Are You Treating (And Growing) Your Social Network as a Business Asset?

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The more I look at the results my business and others are getting from social networking, the more convinced I become that SN is a far better way to get traffic than search engine optimization, or SEO.

I think this is because SEO is, at its heart, an attempt to manipulate Google’s algorithms. But since Google does not publish or reveal their algorithms, it is impossible to know for sure what the rules of the game are.

I’ve seen companies work for months to get their site listed at the top of Google’s search results, only to fall to page 14 the very next day – for no apparent reason.

It’s like going into a casino, thumping your life savings onto the table without even knowing what the game is.

This doesn’t mean you shouldn’t engage in SEO by emphasizing quality keywords, but you should remember that the real focus is on posting quality content. Too often I read (and I confess I have written content this way myself) stuff on websites that were clearly written for Google’s spiders rather than human readers.

(For examples of someone who got to the top of Google’s search results the RIGHT way, see Blogging to Dominate Keywords and Google and Blogging to Dominate Keywords and Google - Part 2).

If you write for human readers, write quality content and of course emphasize your targeted keywords without repeating these keywords to the point of distraction, search engine results will most often take care of themselves.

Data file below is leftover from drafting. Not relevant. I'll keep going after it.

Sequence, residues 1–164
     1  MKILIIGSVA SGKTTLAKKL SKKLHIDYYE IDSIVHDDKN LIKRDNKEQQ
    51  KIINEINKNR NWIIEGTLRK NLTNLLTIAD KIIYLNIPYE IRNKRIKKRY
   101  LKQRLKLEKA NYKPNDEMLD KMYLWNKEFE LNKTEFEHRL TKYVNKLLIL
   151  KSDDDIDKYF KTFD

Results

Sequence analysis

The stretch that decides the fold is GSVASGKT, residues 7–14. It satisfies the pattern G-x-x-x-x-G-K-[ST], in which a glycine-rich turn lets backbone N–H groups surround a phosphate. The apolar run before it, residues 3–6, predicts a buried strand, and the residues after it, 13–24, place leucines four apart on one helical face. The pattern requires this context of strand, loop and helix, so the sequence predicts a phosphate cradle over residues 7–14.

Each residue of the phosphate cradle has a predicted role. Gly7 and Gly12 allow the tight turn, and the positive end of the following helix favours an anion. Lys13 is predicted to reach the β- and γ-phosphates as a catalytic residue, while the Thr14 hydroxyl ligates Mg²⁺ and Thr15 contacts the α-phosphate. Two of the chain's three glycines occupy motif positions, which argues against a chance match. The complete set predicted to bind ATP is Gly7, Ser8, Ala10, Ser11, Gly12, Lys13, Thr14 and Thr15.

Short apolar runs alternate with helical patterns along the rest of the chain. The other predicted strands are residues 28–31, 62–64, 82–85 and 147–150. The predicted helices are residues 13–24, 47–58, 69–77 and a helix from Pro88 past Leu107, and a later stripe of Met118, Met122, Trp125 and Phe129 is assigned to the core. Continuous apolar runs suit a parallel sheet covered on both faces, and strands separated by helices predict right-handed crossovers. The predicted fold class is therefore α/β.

With apologize to John Lennon, search engine rankings are what happen when you are busy doing something else.

Which brings me back to social networking. I am coming to see social networks as business assets. Juliette Powell, author of the book 33 Million People in the Room, refers to your network as your “social capital.”

A search engine ranking, and all the hard work that went into achieving it, can be lost in a single day. But a large social network is an asset that can produce dividends in ways you never foresaw when you began building it. This is why business valuation experts take such things as “good will” and customer lists into account when putting a number to the worth of a business.

With every new follower I gain on Twitter, every new friend I gain on Facebook, and every new connection I make on LinkedIn, my social capital grows. But it also grows whenever I meet someone at a coffee shop and discuss ways we can contribute to each others’ business. Online and offline social networks are not exclusive, they should actually cross pollinate each other.

The old rules of offline networking still hold true. People will do business with other people they like, trust and feel confident in. The mission of my online networking is simple: give them good, helpful, informative content that solves their problems, and they will come.

Which is why people who send me tweets that are merely sales pitches for whatever they are promoting right now, are missing the whole point. They may possess a large list of contacts (for now), but they are doing nothing to build good will.

I believe that as I build my social network, I will someday benefit from it in ways I cannot envision right now. I may be offered a speaking engagement for a topic I have not yet developed, I may sell an instructional CD that I haven’t even recorded yet, or I may make meet someone who writes about me in his or her blog. (I may even be offered a job as V.P of Marketing for a Fortune 500 Corporation, but I’m not holding my breath).

All these possibilities are things I cannot foresee now, but my emphasis is squarely on building a network of people who like me, respect, me and regard me as good at what I do, i.e. building good will. That’s an asset that cannot be lost as easily, or quickly, as a search engine ranking.

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COPYRIGHT © 2009, Charles Brown
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